Clinical rotations for residents in the ophthalmology residency program are about two months long and include general ophthalmology and all the subspecialties, inpatient consultation, and ophthalmic pathology. All take place at the Kellogg Eye Center, the UM Hospitals, and the Ann Arbor VA Medical Center, which is a half mile from the Eye Center. A typical day begins at 7:30 a.m. in the O.R. or in the clinic and ends with didactic lectures or Journal Club in the evening.
Listen to Our Residents - Why Kellogg?
Our residents talk about why they chose the U-M Kellogg Eye Center for their residency training in this four video series. Click on the icon in the upper left of the video screen to view each of the videos in the series.
The first year emphasizes refractions, history-taking, detailed observations and descriptions of normal and abnormal states, use of specialized equipment, interpreting visual fields, scans, and films, and developing a reasoned approach to a treatment plan. First-year residents can expect to participate in pathologic examination of globes, cataract surgery, minor surgical procedures, laser surgery, strabismus surgery, oculoplastics, and enucleations under direct faculty supervision, and to give local anesthesia injections. First-year residents assist on eye plastics, cornea, retina, and intraocular cases and become familiar with pre- and postoperative patient care. All residents participate in the Low Vision clinics their first year and will have assisted in the management of approximately 100 low vision patients over the course of their residency. Primary call coverage is scheduled based on a nightfloat at-home call system involving both first and second year residents. Each PGY2 and PGY3 resident will complete one 3.5 week nightfloat period per year where they function as the primary call resident on Sunday through Thursday night. PGY2 residents on nightfloat have both a PGY3 resident and a PGY4 resident available on call at all times to discuss patients by phone or for whatever type of in-person backup assistance is needed.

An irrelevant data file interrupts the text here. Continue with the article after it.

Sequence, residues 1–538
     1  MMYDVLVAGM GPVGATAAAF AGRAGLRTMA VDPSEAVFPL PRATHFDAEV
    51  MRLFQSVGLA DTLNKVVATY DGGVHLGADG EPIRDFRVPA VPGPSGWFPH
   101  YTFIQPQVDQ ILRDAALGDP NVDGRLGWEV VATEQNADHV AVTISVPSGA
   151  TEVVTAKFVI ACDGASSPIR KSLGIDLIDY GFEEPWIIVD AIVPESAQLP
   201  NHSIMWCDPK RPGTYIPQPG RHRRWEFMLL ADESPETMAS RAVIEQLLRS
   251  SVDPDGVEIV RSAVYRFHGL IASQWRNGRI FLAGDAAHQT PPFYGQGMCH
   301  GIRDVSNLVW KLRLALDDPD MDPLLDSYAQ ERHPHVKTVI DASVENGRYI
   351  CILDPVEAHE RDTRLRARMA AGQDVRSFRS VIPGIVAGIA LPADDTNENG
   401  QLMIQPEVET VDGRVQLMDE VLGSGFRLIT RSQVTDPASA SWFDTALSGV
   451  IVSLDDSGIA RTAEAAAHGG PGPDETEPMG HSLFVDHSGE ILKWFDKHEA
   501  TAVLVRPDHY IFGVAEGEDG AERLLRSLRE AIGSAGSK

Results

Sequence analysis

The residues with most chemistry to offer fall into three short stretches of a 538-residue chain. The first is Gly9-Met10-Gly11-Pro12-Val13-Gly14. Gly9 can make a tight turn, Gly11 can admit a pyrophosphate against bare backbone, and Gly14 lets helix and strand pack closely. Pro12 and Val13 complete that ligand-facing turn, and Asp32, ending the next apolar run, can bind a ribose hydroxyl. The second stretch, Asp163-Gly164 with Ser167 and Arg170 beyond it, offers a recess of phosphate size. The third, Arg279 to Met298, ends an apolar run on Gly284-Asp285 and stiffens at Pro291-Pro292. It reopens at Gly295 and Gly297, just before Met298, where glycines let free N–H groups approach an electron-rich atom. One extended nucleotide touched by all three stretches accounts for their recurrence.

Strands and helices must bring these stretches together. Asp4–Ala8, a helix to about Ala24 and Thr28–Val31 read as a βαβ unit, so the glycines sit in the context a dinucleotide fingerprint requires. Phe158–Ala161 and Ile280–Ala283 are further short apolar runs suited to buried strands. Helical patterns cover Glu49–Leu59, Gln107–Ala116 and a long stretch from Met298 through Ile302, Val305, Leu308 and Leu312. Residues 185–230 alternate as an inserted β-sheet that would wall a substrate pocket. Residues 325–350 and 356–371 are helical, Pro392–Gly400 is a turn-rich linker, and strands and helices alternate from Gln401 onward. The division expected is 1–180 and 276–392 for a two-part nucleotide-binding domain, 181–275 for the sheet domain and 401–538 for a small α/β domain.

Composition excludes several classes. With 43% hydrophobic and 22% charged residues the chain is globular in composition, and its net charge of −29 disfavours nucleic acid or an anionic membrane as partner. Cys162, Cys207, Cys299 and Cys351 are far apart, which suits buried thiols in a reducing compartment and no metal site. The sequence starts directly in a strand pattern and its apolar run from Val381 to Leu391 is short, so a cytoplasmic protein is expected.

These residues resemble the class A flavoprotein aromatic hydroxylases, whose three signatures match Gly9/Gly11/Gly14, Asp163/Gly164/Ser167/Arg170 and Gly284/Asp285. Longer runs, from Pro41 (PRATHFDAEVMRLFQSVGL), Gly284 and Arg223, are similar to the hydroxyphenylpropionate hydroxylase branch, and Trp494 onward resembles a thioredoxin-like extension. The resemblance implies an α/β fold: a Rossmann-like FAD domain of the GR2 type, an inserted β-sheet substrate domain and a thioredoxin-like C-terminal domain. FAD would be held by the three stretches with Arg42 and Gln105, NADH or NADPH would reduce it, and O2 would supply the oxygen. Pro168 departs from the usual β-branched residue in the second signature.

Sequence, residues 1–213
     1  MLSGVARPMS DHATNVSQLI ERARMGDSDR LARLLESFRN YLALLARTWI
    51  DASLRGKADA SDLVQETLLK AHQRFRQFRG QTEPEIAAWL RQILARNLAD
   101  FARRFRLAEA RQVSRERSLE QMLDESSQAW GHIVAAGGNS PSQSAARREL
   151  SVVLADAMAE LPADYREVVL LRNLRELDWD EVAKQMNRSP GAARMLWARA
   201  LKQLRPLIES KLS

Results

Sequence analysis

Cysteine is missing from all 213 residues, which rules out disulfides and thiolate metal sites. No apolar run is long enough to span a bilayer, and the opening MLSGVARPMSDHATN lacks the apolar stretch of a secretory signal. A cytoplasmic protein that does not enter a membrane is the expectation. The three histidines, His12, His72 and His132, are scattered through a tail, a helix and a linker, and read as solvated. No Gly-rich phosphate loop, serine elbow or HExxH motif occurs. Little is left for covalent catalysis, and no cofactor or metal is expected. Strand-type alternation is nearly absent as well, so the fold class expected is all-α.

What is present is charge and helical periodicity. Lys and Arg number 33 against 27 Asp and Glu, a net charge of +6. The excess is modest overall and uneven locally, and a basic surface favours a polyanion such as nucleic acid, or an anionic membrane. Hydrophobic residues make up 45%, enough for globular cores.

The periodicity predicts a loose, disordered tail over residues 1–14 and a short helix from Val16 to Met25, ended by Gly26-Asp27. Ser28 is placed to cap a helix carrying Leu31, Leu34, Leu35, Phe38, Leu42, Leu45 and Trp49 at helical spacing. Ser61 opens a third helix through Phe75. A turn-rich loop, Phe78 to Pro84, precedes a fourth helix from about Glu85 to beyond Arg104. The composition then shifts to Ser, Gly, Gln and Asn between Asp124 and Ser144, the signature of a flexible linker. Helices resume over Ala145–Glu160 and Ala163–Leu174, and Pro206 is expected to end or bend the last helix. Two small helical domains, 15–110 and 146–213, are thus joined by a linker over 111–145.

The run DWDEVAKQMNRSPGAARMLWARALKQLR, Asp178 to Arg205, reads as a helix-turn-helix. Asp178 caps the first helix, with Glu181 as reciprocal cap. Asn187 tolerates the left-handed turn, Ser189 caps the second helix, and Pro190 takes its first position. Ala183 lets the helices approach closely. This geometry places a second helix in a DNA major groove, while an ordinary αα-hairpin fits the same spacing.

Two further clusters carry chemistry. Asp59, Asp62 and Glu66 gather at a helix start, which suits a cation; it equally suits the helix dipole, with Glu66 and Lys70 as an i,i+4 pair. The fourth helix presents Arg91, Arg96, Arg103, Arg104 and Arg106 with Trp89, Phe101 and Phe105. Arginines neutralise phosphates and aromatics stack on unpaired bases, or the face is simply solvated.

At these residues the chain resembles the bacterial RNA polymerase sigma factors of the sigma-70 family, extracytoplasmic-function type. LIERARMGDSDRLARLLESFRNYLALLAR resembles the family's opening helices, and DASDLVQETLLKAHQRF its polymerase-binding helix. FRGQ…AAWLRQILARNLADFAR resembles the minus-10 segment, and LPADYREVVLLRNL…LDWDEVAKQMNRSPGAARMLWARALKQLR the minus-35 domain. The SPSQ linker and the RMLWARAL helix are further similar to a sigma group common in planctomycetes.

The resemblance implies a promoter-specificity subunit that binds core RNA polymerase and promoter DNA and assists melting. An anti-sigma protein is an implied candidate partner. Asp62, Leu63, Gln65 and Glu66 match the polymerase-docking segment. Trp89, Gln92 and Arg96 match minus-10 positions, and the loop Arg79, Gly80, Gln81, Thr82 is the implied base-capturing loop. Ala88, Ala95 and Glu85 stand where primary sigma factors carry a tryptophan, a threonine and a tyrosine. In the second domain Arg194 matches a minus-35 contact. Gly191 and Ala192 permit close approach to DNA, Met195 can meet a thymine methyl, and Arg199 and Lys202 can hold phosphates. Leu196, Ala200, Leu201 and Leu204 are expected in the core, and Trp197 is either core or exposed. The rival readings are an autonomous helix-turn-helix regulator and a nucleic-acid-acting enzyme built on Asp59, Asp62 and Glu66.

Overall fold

Second-year residents build their skill levels and perform cataract surgery, repair lacerations and globe ruptures, as well as more complicated strabismus procedures and eye plastic procedures under direct faculty supervision. They perform biopsies, lesion excisions, and laser surgery. It is typical for second-year residents to perform 15-20 cataract extractions. By the end of the residency, each resident will have been first surgeon on approximately 170 - 200 cataract procedures. Second-year residents should be capable of evaluating any patient and creating a valid treatment plan. PGY3 residents complete one 3.5 week nightfloat period per year where they function as the primary call resident on Sunday through Thursday night. They have a PGY4 surgical resident available for assistance at all times.
By the end of the third year each resident will be able to deliver high quality ophthalmic care independently. Each will be able to interpret all tests and studies, make a diagnosis, initiate therapy, and perform a broad range of ophthalmic surgical procedures on both routine and complicated cases. Third-year residents perform all types of surgical procedures under direct faculty supervision. After they have gained extensive experience with common procedures, training time is devoted to complex clinical and surgical cases with faculty supervision. They are the primary surgeons for all ocular trauma. Third-year residents also participate in pathologic examination of globes.
Every Thursday morning residents present and discuss complex cases with the faculty, with case selection rotating among the subspecialties. One session per month is devoted to ethics discussion and one session to a complications conference.
Ophthalmologists with expertise in all subspecialties are invited annually with a program structured to introduce residents to diagnostic and therapeutic approaches used at other institutions. Six visiting professor sessions are scheduled annually on Fridays.
Sample Conference Schedule
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House Officers Association
Residents at the University of Michigan Health System are organized under the House Officers Association (HOA). The HOA has a contractual agreement with the University. Members of the association receive many benefits, including a strong salary program and paid time off.